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Wary Afghans Watch As U.S. Mulls Over More Troops

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Wary Afghans Watch As U.S. Mulls Over More Troops

Afghanistan

Wary Afghans Watch As U.S. Mulls Over More Troops

Wary Afghans Watch As U.S. Mulls Over More Troops

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  • <iframe src="https://www.npr.org/player/embed/113886027/113899677" width="100%" height="290" frameborder="0" scrolling="no" title="NPR embedded audio player">
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The White House says it may be weeks before President Obama decides on a new strategy for Afghanistan and whether to send tens of thousands more troops.

The issue has divided Congress and American public opinion in the weeks since the Obama administration began weighing the troop request of Gen. Stanley McChrystal, the top American commander in Afghanistan.

The issue — whether to increase troop strength beyond the current 68,000 Americans currently serving in Afghanistan — is naturally also on the minds of Afghans.

"American troops in Afghanistan, it does make sense — but I don't think it can just solve the problem in Afghanistan," says Mohammed Imak, a midlevel government worker in the northern city of Kunduz.

He says it is good for the Obama administration to rethink what it is doing in Afghanistan. But he is not confident that U.S. officials will make the right decisions.

President Obama talks with Gen. Stanley McChrystal, commander of U.S. forces in Afghanistan, aboard Air Force One in Copenhagen on Oct. 2. Obama and McChrystal met to discuss strategy in Afghanistan before Obama departed for Washington, D.C. Pete Souza/The White House/Getty Images hide caption

toggle caption Pete Souza/The White House/Getty Images

President Obama talks with Gen. Stanley McChrystal, commander of U.S. forces in Afghanistan, aboard Air Force One in Copenhagen on Oct. 2. Obama and McChrystal met to discuss strategy in Afghanistan before Obama departed for Washington, D.C.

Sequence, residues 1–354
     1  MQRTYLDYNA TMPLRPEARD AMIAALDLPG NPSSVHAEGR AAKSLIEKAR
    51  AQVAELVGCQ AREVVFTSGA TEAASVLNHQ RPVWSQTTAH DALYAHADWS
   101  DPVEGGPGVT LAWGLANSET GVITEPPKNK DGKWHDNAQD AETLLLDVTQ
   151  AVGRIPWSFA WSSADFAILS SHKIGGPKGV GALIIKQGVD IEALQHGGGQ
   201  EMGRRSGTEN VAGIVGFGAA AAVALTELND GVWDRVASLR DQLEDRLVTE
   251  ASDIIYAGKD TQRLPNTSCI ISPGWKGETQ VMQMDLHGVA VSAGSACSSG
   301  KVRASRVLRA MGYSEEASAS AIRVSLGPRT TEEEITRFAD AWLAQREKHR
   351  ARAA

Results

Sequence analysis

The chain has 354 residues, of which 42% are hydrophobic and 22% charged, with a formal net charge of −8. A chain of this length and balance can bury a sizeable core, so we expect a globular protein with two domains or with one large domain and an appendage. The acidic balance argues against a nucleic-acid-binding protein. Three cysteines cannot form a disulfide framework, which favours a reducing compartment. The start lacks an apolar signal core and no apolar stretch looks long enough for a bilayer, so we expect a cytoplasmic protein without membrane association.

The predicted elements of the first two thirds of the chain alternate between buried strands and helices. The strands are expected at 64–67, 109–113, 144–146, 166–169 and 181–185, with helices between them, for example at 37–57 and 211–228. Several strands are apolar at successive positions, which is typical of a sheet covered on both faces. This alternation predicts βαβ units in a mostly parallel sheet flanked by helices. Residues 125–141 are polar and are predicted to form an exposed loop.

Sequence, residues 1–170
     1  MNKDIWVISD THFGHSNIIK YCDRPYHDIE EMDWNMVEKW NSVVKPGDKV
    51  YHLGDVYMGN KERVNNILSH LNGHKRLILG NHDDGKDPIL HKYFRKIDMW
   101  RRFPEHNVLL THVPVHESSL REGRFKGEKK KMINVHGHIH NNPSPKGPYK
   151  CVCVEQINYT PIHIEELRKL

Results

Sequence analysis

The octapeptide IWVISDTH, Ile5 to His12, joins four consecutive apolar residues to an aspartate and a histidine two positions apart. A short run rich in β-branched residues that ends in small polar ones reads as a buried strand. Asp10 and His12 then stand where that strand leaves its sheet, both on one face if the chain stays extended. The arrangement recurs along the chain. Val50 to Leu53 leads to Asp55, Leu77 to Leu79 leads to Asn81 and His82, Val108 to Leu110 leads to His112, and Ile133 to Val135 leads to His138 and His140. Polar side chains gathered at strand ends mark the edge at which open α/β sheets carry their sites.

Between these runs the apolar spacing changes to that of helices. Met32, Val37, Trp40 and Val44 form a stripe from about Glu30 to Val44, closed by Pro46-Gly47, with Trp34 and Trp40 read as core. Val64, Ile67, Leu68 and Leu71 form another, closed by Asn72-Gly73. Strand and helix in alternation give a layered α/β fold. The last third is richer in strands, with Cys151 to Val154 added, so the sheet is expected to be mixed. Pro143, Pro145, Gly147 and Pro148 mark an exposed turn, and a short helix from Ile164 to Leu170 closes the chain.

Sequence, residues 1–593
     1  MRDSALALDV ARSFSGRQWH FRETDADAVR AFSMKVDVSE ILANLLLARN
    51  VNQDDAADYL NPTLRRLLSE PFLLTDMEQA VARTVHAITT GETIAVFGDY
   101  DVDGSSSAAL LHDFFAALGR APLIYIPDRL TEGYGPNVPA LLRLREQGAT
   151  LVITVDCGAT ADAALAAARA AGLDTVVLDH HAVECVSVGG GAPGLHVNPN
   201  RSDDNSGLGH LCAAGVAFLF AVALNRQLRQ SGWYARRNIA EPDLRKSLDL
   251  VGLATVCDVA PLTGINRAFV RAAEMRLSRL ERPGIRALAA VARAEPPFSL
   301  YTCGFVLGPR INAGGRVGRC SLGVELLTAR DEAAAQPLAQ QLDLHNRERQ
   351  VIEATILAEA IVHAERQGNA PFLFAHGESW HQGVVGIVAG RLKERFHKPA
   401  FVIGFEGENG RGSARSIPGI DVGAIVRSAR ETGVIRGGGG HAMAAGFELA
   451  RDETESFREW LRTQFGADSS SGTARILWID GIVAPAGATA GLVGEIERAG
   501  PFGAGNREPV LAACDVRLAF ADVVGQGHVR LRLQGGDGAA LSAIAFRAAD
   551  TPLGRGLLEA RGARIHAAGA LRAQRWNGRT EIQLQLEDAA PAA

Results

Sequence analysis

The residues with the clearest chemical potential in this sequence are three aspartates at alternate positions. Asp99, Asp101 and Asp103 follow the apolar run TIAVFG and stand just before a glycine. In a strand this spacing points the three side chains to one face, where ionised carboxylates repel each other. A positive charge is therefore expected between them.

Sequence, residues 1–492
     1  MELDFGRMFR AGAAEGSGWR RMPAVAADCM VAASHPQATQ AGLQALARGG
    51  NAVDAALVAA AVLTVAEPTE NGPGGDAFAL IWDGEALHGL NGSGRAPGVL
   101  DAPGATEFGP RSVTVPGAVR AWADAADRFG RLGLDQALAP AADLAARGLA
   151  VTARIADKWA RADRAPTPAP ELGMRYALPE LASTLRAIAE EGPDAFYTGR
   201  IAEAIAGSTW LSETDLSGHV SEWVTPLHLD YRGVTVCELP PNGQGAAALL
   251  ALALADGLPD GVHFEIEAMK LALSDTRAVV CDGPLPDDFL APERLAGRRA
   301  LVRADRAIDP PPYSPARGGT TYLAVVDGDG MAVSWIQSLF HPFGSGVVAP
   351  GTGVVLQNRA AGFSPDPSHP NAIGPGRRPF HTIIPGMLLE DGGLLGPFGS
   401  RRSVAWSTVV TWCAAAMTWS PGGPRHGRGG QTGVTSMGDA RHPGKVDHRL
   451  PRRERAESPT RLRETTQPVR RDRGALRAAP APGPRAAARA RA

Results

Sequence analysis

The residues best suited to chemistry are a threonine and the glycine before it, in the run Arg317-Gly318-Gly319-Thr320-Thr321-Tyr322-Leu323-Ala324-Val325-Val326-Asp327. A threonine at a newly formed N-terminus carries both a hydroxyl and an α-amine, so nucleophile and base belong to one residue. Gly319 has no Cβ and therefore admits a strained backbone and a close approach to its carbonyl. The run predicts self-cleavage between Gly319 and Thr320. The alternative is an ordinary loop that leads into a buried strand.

Pete Souza/The White House/Getty Images

Imak says there have been a lot of mistakes made since American troops first invaded Afghanistan in late 2001. The U.S. should get a better sense of Afghanistan and its people before it comes up with new plans to bring security, or help rebuild the country, he says.

"They have to just have an exact perception of Afghan culture, Afghan people, Afghan ideas ... it's really difficult to just bring in 40,000 troops, and implementing more projects here, it's nonsense actually," he says.

Like other Afghans NPR spoke with for this story, Imak fears the U.S. will continue relying on the same Afghans who have given advice for the past few years — telling the U.S., he says, only what it wants to hear.

Poya Rashid, who helps run a family bookstore and is a fourth-year student at Kabul University, says he and his friends worry that the U.S. is dictating policies without consulting a wide variety of Afghans.

"I think before sending troops they should listen to what people want. We need other things; people don't have work. Just sending troops can't solve people problems," Rashid says.

Mahmoud Attay, who sells shoes from a small shop in a busy downtown mall, says it is better to have U.S. troops in Afghanistan than not. Attay says he wouldn't mind if Obama decides to send more. But Attay knows that comes with some risks.

"More troops create more problems. If the American soldiers patrol, there will be more suicide attacks. If the soldiers come, it's better they stay outside the cities, outside the crowded areas, because too many civilians will be killed," he says.

Attay says there is another option. He says he believes the U.S. knows where the militants are and could just target those locations, without having to bring in a lot of extra ground troops.

Attay says if he had an opportunity to speak to Obama, he knows exactly what he would say.

"I would tell him to solve the problem in a political way. And also I know the president and his people are studying the situation in Afghanistan," Attay says. "But I would tell them don't waste too much time. ... as soon as possible, solve the problem of Afghanistan."

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